Contemporary critical theorists working in the Frankfurt School tradition have focused considerable attention on theories of deliberative democracy, which in general attempt to show how public argumentation can be both democratic and reasonable. In this context, political questions that involve or depend on science present an acute challenge, inasmuch as deliberation must meet especially demanding epistemic requirements. In this article, the author examines two past responses to the challenge, each of which failed to reconcile reasonableness and democracy: that of the (...) scientists involved in policymaking in the 1940s in the United States, and that of Herbert Marcuse and the New Left in the 1960s. Both the scientists and Marcuse depended on general models of science-in-society that ultimately led them into elitist modes of argumentation. The author concludes by drawing some lessons for an interdisciplinary, argumentation-theoretic approach to science-related public argumentation. /// Pensadores críticos contemporâneos trabalhando dentro da tradição da Escola de Frankfurt prestaram considerável atenção a teorias sobre a democracia deliberativa, as quais em geral procuram mostrar até que ponto a argumentação pública pode ser simultaneamente democrática e razoável. Neste contexto, questões políticas que involvem ou dependem da ciência apresentam um sério desafio, tanto mais que a deliberação deve satisfazer requisitos epistémicos particularmente exigentes. No presente artigo, o autor examina duas respostas que no passado foram dadas a este desafio, cada uma das quais foi incapaz de reconciliar razoabilidade e democracia: a dos cientistas involvidos no desenho de políticas concretas durante os anos 40 nos Estados Unidos, e a de Herbert Marcuse e a Nova Esquerda durante os anos 60. Tanto os cientistas como Marcuse estavam dependentes de modelos genéricos de ciência-nasociedade os quais em última análise os conduziram a modelos elitistas de argumentação. O autor conclui extraindo algumas lições pertinentes para uma abordagem interdisciplinar, argumentativa e teorética à questão da ciência em sua relação com a argumentação pública. (shrink)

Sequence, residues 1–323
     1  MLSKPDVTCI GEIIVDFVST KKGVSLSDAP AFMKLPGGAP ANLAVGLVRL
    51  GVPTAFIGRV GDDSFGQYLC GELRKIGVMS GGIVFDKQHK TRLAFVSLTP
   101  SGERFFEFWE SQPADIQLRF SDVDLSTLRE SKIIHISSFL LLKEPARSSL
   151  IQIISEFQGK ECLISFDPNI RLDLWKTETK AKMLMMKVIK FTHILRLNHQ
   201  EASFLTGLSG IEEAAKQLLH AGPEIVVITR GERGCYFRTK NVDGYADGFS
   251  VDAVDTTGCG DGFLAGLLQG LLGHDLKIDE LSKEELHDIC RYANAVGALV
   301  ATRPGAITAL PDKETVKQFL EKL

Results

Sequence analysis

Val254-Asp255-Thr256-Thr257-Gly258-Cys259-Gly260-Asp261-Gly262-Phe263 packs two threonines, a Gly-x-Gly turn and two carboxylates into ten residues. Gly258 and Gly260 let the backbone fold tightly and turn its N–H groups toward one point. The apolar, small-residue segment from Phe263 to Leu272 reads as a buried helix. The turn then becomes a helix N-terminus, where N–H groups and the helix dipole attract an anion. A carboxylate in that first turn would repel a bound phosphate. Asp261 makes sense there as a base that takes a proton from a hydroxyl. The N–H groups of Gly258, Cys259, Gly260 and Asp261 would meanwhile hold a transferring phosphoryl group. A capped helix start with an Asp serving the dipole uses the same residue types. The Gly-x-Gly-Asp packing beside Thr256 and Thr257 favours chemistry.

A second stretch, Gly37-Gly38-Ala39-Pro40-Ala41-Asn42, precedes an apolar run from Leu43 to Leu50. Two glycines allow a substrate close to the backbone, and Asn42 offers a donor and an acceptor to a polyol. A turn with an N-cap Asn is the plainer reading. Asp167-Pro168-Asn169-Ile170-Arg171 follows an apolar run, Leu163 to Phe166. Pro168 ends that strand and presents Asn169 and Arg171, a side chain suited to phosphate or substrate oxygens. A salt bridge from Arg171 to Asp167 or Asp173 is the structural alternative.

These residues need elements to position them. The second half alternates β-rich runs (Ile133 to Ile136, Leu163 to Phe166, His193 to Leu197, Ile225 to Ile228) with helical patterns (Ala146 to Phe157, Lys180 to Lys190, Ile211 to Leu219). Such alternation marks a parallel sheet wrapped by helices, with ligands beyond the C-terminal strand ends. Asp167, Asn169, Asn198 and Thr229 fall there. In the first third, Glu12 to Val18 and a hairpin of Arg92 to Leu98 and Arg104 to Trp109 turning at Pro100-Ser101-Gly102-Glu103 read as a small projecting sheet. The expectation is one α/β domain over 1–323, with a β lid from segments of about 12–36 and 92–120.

This article examines two approaches to the analysis and critical assessment of scientific argumentation. The first approach employs the discourse theory that Jurgen Habermas has developed on the basis of his theory of communicative action and applied to the areas of politics and law. Using his analysis of law and democracy in his Between Facts and Norms (1996) as a kind of template, I sketch the main steps in a Habermasian discourse theory of science. Difficulties in his approach motivate my (...) proposal of an alternative approach that starts not with a theory of communicative action but with some broad categories drawn from argumentation theory. Using these categories, one can survey the various conceptions of scientific argumentation that have already emerged in the multi-disciplinary field of science studies. The more flexible, open-ended theoretic categories put one in a better position to'develop cooperative interdisciplinary studies that can inform the critical assessment of scientific argumentation. (shrink)